No, when the Cubs reach the National League Wild Card Game presented by Budweiser, as it appears they will, Jake Arrieta needs to get the ball. That's been increasingly apparent throughout the second half, and now, in the glow of Arrieta's brilliant no-hit outing against the Dodgers last Sunday night, it's cold, hard fact.
Lester will have his prominent turn in the rotation, should the Cubs advance. And when Arrieta, who takes his next turn in the rotation Saturday against the D-backs, is spotting that nasty, sweeping slider as well as he was at Dodger Stadium, he gives them their best possible chance to advance.
Understand, I'm not writing this just because Arrieta threw a no-hitter. Heck, we've already had six no-hitters this year and four lost in the ninth. Incredibly, 12 percent of all modern-era no-hitters have been tossed just since the start of 2010. And apparently, throwing a no-hitter against the Dodgers is something of a fad at the moment.
The no-hitter, though, only served to illustrate to a wider audience just how far Arrieta has come.
This is not meant to disrespect Lester, because Lester's poise, presence and experience have undoubtedly been assets on a predominantly young Cubs team.
But as far as pure performance is concerned, the late-blooming, 29-year-old Arrieta has clearly established himself as the biggest weapon at Joe Maddon's disposal.
And it's not particularly close.
Arrieta: 27 starts, 17-6, 2.11 ERA, 184 ERA+, 183 innings, 0.94 WHIP, 2.50 FIP, 4.32 K/BB
Lester: 26 starts (entering Friday), 8-10, 3.59 ERA, 109 ERA+, 163 IP, 1.21 WHIP, 3.06 FIP, 4.15 K/BB
How good does this trade look right about now? July 2, 2013: Arrieta and reliever Pedro Strop to the Orioles for free-agent-to-be Scott Feldman and Steve Clevenger.
It just goes to show you can shell out nine-figure commitments to an established ace to front your rotation, but there's nothing more satisfying than a buy-low bid on a guy who just needs some time and attention.
Arrieta was a classic change-of-scenery guy. Dealt at 27, he was carrying a career ERA of 5.46, giving up more than one homer per nine innings and walking four batters per nine. Shoulder tenderness was an added worry.
But he had a 95-mph fastball and the makings of an effective slider and curve. And when you've got all that, you've got hope.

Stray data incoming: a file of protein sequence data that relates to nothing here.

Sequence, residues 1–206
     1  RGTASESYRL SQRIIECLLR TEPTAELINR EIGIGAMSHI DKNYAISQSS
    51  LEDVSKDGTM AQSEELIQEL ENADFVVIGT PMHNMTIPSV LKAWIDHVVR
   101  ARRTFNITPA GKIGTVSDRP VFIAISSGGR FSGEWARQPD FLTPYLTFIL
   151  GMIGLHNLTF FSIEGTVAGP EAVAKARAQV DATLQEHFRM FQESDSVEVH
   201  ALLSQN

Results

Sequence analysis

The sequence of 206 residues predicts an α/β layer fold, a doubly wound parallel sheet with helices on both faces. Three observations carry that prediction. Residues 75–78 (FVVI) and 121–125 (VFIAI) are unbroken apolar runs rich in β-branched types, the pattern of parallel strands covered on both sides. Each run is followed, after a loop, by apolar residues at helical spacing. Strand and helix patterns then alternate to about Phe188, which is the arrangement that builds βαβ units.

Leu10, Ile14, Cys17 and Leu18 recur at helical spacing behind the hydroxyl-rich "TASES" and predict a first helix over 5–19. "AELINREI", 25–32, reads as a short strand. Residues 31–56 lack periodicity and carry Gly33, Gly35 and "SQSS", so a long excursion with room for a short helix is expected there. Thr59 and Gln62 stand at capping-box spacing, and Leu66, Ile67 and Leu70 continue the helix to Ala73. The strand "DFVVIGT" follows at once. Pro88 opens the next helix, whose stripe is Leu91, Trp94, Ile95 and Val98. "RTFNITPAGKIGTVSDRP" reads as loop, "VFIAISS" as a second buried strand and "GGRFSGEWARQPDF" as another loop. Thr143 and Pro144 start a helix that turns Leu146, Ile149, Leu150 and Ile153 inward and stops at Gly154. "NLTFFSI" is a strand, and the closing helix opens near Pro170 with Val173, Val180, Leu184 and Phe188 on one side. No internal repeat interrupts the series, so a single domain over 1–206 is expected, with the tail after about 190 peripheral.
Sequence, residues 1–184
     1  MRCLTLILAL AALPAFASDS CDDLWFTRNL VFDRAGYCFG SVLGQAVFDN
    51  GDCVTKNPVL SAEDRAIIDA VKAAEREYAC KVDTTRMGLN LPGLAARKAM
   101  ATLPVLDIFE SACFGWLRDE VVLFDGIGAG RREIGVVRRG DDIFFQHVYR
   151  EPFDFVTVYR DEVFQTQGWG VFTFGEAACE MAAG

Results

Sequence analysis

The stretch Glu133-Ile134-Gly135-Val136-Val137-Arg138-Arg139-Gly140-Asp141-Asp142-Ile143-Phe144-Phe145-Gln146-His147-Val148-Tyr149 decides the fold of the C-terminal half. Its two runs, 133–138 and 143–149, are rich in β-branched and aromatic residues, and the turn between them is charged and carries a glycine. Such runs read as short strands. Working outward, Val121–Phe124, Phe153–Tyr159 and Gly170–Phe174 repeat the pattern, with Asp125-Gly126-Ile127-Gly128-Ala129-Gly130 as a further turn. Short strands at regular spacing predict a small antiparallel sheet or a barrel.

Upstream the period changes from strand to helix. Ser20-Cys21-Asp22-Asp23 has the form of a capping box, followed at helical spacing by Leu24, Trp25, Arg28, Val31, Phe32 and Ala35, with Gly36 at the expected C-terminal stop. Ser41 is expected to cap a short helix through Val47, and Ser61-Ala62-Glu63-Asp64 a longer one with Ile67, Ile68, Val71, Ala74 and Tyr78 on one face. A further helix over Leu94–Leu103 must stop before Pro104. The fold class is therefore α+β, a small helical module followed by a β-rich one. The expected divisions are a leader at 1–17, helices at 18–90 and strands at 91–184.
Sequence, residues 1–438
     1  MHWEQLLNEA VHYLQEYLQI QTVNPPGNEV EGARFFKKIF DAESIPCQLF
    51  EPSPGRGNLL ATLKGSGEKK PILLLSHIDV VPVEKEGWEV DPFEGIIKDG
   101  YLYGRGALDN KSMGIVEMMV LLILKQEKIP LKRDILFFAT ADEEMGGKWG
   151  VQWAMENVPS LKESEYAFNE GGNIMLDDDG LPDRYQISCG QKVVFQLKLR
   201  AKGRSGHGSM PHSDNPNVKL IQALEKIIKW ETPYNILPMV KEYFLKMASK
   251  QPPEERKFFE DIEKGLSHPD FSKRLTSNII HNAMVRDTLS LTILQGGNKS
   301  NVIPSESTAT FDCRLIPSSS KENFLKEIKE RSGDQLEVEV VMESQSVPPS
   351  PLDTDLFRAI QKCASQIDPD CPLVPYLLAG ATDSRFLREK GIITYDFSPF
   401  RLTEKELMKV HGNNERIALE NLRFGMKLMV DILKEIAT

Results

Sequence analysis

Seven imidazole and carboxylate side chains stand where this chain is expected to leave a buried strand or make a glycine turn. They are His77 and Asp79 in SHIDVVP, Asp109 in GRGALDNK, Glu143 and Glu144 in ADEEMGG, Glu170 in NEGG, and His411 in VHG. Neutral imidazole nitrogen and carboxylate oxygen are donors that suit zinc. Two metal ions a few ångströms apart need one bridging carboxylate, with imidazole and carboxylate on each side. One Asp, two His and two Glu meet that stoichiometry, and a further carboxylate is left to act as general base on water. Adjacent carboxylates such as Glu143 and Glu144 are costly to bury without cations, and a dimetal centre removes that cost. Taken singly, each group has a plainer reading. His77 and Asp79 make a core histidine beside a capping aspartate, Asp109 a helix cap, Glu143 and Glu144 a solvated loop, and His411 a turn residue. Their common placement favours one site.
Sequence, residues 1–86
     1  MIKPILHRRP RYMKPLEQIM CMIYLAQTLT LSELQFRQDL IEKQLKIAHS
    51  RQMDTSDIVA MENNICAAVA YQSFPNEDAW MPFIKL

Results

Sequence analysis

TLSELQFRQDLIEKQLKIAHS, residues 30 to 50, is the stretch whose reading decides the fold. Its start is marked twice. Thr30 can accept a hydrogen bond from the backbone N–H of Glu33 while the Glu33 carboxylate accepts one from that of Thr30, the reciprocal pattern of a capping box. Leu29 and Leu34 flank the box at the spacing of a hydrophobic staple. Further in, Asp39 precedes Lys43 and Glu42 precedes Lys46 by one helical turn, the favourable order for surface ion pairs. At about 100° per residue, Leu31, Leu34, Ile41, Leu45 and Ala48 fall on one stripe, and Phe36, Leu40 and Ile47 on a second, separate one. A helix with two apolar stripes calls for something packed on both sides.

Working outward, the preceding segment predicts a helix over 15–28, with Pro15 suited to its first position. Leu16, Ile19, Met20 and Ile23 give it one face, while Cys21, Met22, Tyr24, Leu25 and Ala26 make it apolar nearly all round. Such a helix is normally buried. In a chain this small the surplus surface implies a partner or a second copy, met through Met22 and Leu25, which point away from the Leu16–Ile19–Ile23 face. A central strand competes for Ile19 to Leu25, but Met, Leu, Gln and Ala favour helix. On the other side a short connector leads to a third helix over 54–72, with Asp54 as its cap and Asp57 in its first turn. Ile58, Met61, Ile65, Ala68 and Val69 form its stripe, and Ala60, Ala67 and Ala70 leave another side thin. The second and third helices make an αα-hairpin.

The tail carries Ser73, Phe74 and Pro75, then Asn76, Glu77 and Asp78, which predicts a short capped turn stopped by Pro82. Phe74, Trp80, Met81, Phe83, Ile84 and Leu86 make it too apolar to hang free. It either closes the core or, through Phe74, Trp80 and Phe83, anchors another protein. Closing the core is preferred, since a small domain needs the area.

With the Cubs, Arrieta has turned that hope into happiness. This club has won 11 of his last 12 starts, with the lone loss coming when Cole Hamels threw a no-hitter of his own.
Arrieta has been nothing short of one of baseball's most brilliant pitchers this season and especially in this second half. Going back to June 21, batters are hitting just .155 off him.
This is a finished product, a guy who learned to trust his natural motion and let his arsenal ambush batters.
So as if the Pirates, who have been subjected to the whims of the Wild Card round each of the last two years, needed extra motivation to catch the Cardinals in the NL Central (the two are meeting this weekend in St. Louis), all they needed to do was watch the highlights from Arrieta's L.A. onslaught. That is why you don't want a season's worth of work to come down to a single game.
The right-handed Arrieta is simply a better matchup against the Pirates, a team loaded with right-handed batters and a team with speed atop the order in the form of Gregory Polanco, Starling Marte and Andrew McCutchen.
Lester's struggles at controlling the running game will be even more prominent on the postseason stage. And with so much on the line in this single game, the Cubs can ill-afford to take any chances in that department. In 20 fewer innings pitched than Arrieta, Lester has allowed 5.2 percent more baserunners to swipe a bag. The Royals ran at will against him in the AL Wild Card Game last year.
That start, in fact, was proof positive that the value of October experience (and, to be clear, Arrieta has none) only gets you so far. It's the matchup and the moment that matters.
Arrieta has faced these 2015 Pirates three times and held them to a .155/.200/.197 slash in 21 innings. Lester faced them once and, though he did pitch his way out of trouble, allowed a .321/.345/.464 slash in seven innings.
When your entire season comes down to a single game, the early tone of that game is extremely consequential. Arrieta is holding opponents to a .516 OPS in innings one through three and a .488 OPS the first time through the order. Lester's numbers in those situations are .679 and .686, respectively.
So as the Cubs inch up on the point of pondering which of their aces -- the established or the newly arrived -- ought to get the ball in that seismic setting, Arrieta has made his case quite convincingly.
Does he have the postseason pedigree of a Jon Lester? No.
But is he the right man for the job? Well, just ask the Dodgers.